Credit and Your Credit Rating

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					Credit and Your Credit
        Rating
     Investment and Finance 12
            Ms. Stewart
 How much Do Canadians Know?
  A recent credit report survey of Canadians
  found:
    24% knew their personal credit rating
    15% had requested a credit report for
     themselves
    50% did not know what factors
     contribute to a credit rating.
            What is a Credit Rating?
   Unless you do all your business in cash, you probably have a credit
    rating. It contains a number and a letter.

   The number – between 0 and 9 – shows how fast you pay your
    bills. “1” means you pay your bills quickly, while “9” means you
    never pay them.

   The letter tells lenders the type of credit you use:

   “R” stands for revolving, and is the most common. If you have a
    credit card, you will have an “R” credit rating.
     “I” stands for installment. This means you borrow money once, then
    make regular payments. Leasing that sports car will give you an “I”
    rating.
    “O” means open, like a line of credit. Here the money you borrow is
    due at the end of a set period.
         What is a credit rating?
   Unlike the movies, an “R” rating isn’t bad!
    If you pay your credit card bills in full every
    month, you’ll rate an “R1.” That’s as good
    as it gets. But if you skip town without
    paying, or declare bankruptcy, you’ll be at
    the bottom of the chart – “R9.”
      What is a credit score?
 While your credit rating looks at your credit
  history, your credit score measures your
  financial health at a set point in time.
 Credit agencies use a number of different
  factors to arrive at your credit score.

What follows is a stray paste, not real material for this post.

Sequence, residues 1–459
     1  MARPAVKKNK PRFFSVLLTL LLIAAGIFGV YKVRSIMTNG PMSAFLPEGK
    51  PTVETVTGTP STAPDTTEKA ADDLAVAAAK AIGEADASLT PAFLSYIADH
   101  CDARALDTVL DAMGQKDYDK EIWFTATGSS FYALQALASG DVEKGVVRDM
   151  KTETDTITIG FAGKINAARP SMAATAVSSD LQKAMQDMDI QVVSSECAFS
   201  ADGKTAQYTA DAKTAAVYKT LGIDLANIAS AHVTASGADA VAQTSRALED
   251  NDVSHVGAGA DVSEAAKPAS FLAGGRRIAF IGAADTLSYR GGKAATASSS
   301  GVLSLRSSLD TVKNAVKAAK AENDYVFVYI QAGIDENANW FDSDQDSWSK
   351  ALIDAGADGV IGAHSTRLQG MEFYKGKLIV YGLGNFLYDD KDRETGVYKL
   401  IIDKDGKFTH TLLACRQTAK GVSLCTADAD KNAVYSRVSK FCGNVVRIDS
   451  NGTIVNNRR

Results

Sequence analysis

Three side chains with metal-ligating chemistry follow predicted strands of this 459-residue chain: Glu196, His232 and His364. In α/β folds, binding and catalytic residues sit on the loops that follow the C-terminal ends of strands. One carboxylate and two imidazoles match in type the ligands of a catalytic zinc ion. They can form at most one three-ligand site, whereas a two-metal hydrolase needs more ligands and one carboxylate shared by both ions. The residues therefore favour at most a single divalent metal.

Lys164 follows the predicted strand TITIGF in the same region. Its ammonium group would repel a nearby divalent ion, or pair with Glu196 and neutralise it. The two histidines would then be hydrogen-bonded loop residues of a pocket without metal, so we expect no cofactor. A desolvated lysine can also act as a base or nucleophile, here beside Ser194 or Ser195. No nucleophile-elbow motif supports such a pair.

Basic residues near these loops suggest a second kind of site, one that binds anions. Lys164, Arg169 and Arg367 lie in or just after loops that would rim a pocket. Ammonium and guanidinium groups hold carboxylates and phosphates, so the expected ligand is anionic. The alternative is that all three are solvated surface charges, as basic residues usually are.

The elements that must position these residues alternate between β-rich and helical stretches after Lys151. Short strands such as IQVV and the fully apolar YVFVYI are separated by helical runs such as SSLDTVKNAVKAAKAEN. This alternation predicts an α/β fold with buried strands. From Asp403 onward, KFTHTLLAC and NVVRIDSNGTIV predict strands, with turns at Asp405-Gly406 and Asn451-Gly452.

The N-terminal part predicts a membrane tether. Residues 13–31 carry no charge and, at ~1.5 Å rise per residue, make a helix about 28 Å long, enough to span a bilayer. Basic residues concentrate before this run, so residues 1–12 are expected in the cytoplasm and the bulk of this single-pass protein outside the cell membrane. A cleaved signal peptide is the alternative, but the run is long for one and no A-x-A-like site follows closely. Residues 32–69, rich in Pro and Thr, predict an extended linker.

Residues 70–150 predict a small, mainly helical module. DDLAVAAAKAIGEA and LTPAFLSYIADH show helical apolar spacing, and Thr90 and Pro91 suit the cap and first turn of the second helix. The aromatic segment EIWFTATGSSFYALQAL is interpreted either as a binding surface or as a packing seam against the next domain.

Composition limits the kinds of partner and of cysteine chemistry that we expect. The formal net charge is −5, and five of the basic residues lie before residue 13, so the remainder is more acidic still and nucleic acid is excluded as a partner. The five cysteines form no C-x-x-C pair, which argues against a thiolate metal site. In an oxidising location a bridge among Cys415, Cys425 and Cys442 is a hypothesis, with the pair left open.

Factors that Make up Your Score
 Your payment history
 If you’ve ever declared bankruptcy
 How much money you owe
 How long you have had credit
 The type of credit you use
 If you’re trying to get more credit (ex.
  There have been recent requests for your
  credit report)
      What Score Do I Need?
 Your credit score will be between 300 and
  900. The higher your score, the more likely
  you are to get a loan. A higher credit score
  can also help get you a lower interest rate.
  But there’s no guarantee.
 You may need a credit score of 750 to
  lease that sports car, but your landlord
  may be fine with 650. It’s up to each
  lender to decide.
    Building a Good Credit Rating
   Here are some simple things you can do to build
    or improve your credit score:
    1) Pay your bills on time and in full (at least
    pay the minimum payment).

    2) Don’t go over the limit of your credit card
    (Keep your balance low – below 35% of your
    credit limit if you can. The higher your balance,
    the more it affects your credit score).
Building a Good Credit Rating
3) Don’t apply for credit too often. Too
many lenders asking about your credit in a
short period of time can lower your credit
score.

4) Pay off your debts as quickly as
possible
 Building a Good Credit Rating
5) Build a strong credit history. You may
  have a low score simply because you
  don’t have a long record of borrowing
  money and paying it back. You can
  improve your score by using a credit card
  – wisely.
       Clip Time!

Another Funny Money Moment…

				
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